To the editor:
All Americans, especially our elected representatives, should give heed to wisdom from the past.
Consider this from Andrew Jackson in 1832: "Distinctions in society will always exist under every just government. Equality of talents, of education, or of wealth cannot be produced by human institutions. ... But when the laws undertake to add to these natural and just advantages artificial distinctions ... to make the rich richer and the potent more powerful, the humble members of society - the farmers, mechanics, and laborers - who have neither the time nor the means of securing like favors to themselves, have a right to complain of the injustice of their government."
Now consider a bill that has just passed our Republican-majority House of Representatives. It would increase the minimum wage over three years from $5.15 to $7.25. This apparent burst of generosity is an illusion. At $14,500 per year, that minimum will not reach 75 percent of the 2006 poverty level for a family of four. (Meanwhile, since the last increase in the minimum wage, Congress has raised its own salary $35,000 a year.) Beyond that, the proposed bill would reduce estate taxes, benefiting just 7,500 very rich families, and would extend other tax reductions for the well-to-do. That is, while providing token help for the working poor, it would dramatically expand, not narrow, the income gap in America!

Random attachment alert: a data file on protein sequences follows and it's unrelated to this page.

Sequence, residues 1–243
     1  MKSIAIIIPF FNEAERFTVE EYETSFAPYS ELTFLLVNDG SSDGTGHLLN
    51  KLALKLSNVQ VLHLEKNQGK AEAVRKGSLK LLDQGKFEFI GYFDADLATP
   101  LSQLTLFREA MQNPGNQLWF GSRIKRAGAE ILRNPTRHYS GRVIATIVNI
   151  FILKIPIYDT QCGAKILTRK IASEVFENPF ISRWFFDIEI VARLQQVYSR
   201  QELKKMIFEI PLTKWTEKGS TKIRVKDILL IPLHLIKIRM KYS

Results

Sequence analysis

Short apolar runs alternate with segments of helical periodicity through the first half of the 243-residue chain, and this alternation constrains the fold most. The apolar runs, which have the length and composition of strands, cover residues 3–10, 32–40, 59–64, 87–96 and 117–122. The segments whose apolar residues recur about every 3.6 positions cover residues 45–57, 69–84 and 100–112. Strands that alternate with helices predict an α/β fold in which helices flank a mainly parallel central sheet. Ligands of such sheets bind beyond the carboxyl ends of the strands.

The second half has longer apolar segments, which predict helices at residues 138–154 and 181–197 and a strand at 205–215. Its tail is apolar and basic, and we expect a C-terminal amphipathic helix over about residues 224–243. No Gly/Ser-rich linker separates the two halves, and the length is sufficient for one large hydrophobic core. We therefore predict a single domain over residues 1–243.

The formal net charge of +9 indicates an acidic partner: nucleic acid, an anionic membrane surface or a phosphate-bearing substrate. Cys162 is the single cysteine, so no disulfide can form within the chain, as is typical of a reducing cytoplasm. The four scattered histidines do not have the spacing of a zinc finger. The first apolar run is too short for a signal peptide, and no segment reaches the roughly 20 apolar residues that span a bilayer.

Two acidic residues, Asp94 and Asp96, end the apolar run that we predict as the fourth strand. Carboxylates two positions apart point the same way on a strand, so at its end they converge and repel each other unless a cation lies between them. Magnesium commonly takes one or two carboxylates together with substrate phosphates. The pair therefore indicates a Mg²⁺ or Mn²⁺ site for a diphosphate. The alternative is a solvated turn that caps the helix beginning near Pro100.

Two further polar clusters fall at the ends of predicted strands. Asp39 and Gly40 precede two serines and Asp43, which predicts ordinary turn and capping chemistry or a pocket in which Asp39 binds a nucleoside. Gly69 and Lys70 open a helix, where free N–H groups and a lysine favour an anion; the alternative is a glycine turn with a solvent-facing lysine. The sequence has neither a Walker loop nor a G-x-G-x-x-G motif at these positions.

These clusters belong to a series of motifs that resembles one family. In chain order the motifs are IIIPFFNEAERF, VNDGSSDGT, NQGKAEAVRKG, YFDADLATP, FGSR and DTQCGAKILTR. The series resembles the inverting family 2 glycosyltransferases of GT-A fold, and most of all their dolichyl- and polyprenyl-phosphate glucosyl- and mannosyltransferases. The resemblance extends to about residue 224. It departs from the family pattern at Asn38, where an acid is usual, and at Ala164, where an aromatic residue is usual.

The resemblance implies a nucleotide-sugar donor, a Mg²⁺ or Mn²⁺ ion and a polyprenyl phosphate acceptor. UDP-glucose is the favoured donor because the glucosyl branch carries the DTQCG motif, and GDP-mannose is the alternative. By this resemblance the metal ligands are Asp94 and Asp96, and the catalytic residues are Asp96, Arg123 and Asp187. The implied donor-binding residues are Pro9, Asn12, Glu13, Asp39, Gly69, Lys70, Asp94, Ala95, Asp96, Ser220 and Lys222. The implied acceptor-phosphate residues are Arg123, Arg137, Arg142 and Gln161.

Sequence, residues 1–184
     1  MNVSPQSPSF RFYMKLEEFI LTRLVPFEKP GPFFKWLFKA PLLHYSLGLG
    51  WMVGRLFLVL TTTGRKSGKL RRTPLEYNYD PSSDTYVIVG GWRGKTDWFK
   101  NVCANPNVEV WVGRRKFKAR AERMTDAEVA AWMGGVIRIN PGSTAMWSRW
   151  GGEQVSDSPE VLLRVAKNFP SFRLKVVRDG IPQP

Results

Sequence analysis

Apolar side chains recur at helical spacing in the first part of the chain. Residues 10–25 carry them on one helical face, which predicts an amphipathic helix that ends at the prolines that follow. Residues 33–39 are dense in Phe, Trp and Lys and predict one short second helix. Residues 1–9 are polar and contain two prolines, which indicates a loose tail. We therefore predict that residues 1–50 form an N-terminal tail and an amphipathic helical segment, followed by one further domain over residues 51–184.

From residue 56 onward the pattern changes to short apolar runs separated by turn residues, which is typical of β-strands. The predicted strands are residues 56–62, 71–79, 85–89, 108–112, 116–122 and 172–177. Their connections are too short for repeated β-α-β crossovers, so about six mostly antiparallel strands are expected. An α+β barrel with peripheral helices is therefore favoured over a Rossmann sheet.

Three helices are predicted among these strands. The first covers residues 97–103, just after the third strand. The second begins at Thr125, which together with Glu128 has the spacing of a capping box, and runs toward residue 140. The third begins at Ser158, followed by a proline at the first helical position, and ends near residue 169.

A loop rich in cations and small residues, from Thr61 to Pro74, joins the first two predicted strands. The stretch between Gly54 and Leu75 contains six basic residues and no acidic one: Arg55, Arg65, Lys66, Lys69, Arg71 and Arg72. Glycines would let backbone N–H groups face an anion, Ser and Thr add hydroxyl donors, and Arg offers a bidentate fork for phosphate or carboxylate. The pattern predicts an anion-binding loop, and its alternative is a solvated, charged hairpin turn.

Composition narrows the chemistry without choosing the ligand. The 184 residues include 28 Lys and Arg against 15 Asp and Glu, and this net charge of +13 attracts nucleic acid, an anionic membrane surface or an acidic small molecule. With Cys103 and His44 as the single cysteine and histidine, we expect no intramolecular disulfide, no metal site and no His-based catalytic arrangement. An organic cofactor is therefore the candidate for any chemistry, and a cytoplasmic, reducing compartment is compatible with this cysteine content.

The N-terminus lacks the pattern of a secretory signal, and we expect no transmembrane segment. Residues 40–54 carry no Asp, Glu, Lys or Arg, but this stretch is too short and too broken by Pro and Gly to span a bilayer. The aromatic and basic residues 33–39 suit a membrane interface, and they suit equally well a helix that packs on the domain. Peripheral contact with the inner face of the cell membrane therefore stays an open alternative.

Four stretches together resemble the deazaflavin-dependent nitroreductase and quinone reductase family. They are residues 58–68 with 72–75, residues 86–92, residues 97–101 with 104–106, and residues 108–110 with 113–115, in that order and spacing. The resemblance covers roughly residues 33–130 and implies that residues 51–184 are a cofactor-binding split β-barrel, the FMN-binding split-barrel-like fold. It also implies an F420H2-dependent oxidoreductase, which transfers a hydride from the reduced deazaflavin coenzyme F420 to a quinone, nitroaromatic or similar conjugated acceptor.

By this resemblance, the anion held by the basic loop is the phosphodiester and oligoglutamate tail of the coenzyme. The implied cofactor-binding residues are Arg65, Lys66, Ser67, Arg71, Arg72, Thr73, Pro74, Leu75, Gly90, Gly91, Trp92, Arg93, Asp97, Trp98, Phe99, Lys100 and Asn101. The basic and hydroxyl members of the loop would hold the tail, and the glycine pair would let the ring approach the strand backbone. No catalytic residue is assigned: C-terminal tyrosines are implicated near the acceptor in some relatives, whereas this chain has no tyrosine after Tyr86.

Jackson's indictment rings true today: Economic policy should protect the humble members of society, not make the rich richer and the potent more powerful.
Walter H. Crockett,